13 PSYCHOLOGY SEMESTER III: CourseIII Elective course: 6 Credits Clinical psychopathology Unit 1. Anxiety and mood spectrum disorders a. Panic, phobic disorders, Generalized anxiety disorder and PTSD b. Obsessive Compulsive disorders, Somatization and dissociative disorders c. Depressive disorders and bipolar disorders d. Sleep, eating and sexual disorders and their comorbidities Unit 2 Psychotic spectrum disorders a. Schizophrenia and its spectrum b. Delusional, brief and shared psychotic disorders c. Schizoaffective disorders and related manifestations d. Other psychotic disorders, cultural specific manifestations, organic overlay Unit 3 Disorders of the brain and Pervasive Conditions a. Disorders related to aging b. Disorders related to chronic medical conditions c. Disorders related to substance use; Disorders related to lesions, injury and infection d. ADHD, ADD, Pervasive developmental disorders, Intellectual deficits Unit 4 Personality disorders, LD and other conditions a. Personality disorders b. Learning Disabilities c. ODD, Conduct Disorders d. V codes and adjustment disorders Evaluation Internal Evaluation: 40 marks Three written tests: One of 20 marks and Two of 10 marks each
14 Latter two may comprise of simulated case profiles for discussion, followed by viva. The rest would be classroom test format. Semester end examination: 60 marks Paper pattern. 7 questions to be set of 15 marks each out of which 4 are to be attempted. One of these could be short notes question which could combine more than one unit. Books for study Adams P.B. and Sutker, H.E. (2001) Comprehensive Handbook of Psychopathology. Third edition. NY: Springer. Hersen, M and Beidel, D (2012) Adult psychopathology and diagnosis, 6 th edition. NY: Wiley. Sadock B.J. and Sadock V.A.(2007) Kaplan and Sadock s Synopsis of Psychiatry, 10 th edition. PA: Lipincott, Williams and Wilkins. Books for reference Millon, T. Blaney, P. and Davis R.D. (1999) Oxford textbook of psychopathology. UK: Oxford University Press. Millon, T., Krueger, R.F., Simonsen, E. (2011) Contemporary Directions in Psychopathology. NY: Guilford Press. Craighead, W.E. Miklowitz, D.J. and Craighead L.W. (2008), Psychopathology: History, Diagnosis and Empirical Foundations. NY: John Wiley and Sons.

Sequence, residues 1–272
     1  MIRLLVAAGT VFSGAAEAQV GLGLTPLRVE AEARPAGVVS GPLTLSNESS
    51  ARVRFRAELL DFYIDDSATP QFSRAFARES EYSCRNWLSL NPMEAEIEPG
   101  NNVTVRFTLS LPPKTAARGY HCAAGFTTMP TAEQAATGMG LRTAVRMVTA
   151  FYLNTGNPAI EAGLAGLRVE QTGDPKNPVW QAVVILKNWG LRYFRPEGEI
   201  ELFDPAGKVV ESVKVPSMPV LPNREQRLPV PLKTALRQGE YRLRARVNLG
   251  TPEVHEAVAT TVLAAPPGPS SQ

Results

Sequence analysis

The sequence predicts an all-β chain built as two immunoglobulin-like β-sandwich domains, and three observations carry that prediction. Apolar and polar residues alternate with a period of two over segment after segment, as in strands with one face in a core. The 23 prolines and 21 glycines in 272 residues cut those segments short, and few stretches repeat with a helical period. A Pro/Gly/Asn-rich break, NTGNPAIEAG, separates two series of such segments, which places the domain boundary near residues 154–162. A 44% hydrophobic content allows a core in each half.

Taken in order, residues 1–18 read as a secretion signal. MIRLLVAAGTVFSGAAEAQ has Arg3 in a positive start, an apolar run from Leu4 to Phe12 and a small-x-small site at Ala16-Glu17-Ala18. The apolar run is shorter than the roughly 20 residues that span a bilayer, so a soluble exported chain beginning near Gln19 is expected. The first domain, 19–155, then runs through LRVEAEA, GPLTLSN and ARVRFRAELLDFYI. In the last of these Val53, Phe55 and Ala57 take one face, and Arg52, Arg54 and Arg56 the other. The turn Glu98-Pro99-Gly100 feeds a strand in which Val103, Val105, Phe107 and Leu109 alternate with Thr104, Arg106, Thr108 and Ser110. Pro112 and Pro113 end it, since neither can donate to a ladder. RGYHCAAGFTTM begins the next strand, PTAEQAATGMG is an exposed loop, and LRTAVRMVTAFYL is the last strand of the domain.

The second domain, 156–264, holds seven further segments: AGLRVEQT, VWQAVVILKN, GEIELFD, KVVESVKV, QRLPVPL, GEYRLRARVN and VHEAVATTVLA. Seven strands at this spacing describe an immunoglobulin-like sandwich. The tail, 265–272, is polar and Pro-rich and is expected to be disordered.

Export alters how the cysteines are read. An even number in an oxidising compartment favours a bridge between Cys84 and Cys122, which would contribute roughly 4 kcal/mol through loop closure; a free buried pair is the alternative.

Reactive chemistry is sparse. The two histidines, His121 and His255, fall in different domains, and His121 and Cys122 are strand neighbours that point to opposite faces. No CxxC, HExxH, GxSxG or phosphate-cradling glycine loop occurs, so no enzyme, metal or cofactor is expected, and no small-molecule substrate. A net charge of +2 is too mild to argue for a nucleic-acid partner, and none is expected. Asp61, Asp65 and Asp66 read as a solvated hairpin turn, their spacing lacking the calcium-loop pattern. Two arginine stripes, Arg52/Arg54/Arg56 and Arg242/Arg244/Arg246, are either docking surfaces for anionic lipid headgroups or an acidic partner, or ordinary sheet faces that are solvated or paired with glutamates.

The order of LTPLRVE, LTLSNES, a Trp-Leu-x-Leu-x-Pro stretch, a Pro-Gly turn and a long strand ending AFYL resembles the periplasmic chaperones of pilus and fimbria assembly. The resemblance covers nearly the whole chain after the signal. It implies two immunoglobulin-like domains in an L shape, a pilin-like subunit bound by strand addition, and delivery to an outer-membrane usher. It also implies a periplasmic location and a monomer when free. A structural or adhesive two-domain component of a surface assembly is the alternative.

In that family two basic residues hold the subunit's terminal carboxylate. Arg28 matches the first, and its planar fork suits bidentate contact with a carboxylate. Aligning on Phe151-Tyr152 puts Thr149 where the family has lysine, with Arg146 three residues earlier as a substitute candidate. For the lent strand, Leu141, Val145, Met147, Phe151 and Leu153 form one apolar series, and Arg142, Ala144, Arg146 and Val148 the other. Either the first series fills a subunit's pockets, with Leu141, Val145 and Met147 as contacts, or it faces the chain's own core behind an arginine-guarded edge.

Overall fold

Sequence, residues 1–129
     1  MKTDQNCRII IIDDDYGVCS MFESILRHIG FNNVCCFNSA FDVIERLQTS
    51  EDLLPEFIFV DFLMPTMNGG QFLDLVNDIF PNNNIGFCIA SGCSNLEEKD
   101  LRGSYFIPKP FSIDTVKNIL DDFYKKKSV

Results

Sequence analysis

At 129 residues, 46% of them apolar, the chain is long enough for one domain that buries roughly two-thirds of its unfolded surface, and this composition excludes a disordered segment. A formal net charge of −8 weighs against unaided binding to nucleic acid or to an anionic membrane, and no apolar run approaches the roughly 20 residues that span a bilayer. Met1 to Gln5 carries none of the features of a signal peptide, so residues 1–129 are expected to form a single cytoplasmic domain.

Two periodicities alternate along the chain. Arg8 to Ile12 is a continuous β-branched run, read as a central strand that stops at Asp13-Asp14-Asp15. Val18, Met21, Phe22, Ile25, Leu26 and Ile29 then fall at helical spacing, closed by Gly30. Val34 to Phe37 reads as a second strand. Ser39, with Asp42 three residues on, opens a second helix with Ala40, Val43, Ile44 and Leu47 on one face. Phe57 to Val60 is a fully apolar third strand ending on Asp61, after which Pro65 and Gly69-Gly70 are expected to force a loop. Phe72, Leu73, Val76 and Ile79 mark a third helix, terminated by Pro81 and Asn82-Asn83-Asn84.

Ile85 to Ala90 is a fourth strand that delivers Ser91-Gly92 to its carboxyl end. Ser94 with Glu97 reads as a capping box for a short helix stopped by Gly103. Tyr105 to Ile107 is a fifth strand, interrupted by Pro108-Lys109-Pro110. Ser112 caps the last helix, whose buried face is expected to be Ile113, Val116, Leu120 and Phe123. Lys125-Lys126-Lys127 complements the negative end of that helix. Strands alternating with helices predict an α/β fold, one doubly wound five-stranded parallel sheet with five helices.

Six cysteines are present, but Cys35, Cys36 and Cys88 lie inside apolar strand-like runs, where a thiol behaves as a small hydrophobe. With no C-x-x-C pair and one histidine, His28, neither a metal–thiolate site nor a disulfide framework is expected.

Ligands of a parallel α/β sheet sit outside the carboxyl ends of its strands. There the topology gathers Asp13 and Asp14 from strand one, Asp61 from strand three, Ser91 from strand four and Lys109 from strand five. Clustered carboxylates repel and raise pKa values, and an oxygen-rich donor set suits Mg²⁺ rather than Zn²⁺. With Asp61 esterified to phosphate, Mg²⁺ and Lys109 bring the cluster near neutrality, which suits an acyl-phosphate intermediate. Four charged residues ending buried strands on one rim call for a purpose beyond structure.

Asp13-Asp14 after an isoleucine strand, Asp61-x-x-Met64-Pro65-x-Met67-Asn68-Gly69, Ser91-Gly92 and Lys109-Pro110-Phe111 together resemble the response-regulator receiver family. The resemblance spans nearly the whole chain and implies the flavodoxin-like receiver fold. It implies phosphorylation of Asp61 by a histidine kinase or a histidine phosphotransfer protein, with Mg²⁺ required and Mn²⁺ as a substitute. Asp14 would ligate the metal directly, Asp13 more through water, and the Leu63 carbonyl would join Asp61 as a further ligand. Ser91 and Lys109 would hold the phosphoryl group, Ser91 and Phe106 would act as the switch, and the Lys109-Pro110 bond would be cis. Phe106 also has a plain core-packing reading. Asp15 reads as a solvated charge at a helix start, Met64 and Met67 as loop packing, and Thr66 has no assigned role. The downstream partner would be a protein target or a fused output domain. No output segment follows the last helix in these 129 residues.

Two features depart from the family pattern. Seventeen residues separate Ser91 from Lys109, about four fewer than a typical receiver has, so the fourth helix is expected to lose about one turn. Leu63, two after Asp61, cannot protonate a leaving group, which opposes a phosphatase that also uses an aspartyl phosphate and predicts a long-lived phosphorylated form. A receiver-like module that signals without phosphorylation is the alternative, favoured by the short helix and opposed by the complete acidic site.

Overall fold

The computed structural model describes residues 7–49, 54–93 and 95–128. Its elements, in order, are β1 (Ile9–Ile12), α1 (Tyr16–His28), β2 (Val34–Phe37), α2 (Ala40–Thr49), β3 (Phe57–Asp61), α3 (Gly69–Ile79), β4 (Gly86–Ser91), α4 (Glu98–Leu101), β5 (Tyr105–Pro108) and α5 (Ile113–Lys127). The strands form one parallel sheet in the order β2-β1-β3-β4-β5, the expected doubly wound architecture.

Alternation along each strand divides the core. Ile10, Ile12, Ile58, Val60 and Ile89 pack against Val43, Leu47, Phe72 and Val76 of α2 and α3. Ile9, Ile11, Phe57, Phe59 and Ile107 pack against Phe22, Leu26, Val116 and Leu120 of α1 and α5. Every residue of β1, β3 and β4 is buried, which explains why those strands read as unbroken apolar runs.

15 Maddux, J.E. andwinstead, B.A. (2007) Psychopathology: Foundations for a contemporary understanding. NY: CRC press. Semester III: Course III Elective Course: Six Credits Constructing Social Psychology: Theoretical Perspectives and Applications Unit I Cognitive Level of Analysis A. Attribution Theory of Motivation B. Cognitive Structure Theory C. Feelings as Information Model D. Social Cognitive Theory Unit II Motivational/Affective Level of Analysis A. Dissonance Theory B. Self Determination Theory C. Social Comparison Theory D. Aggression Theory Unit III Interpersonal Level of Analysis A. Need To Belong Theory B. Attachment Theory C. Shared Reality Model D. Interdependence Theory Unit IV Group and Cultural Level of Analysis A. Justice Theory B. Minority Influence Theory C. Social Identity Theory D. Social Dominance Theory
16 Internal assessment: 40 marks. 1. Two thought papers of 10 mark each (20marks). 2. Two classroom presentations of 10 mark each (20marks). Note:Classroom presentations should include the topics other than the topics covered in the above list given in syllabus. The topics should be selected from the following reference book: P. Van Lang, A. Kruglanski, & E.T. Higgins (Eds.) (2011). Handbook of Theories of Social Psychology. Thousand Oaks, CA: Sage. Semester end examination: 60 marks. Written examination: Paper pattern: Seven questions for 15 marks each are set out of which four should be attempted. One of them could be short note question. Any two topics can be combined for these questions. Objectives: PSYCHOLOGY Semester III Course IV Elective Course: six credits Counselling across the lifespan and addressing special groups 1. To understand academic, emotional, behavioural difficulties of children and adolescents 2. To explore counselling needs in marriage, workplace and among elderly 3. To highlight counselling for people with addiction issues, attempted suicide, disabilities and trauma 4. To delineate the theories of career development and technological advances in counselling Unit 1: Children and Adolescents a) Scholastically backward, slow learners, under achievers. b) Exceptional children: children with Learning disability, ADHD, Talented/gifted c) Emotional and Behavioural issues. d) Socially disadvantaged Unit 2: Counselling Adults& Elderly a) Premarital and Marital Counselling: Role Conflict, Sex and sexuality issues and Relationship Enrichment Skills. b) Workplace Counselling: Multicultural career counselling. c) Elderly: Pre-retirement and Retirement Counselling, Coping with loss of Spouse and age related health problems. d) Women in Career Unit 3: Counselling Special Groups a) Suicide prevention and management. b) Drug addicts and alcoholics c) Trauma and sexual abuse counselling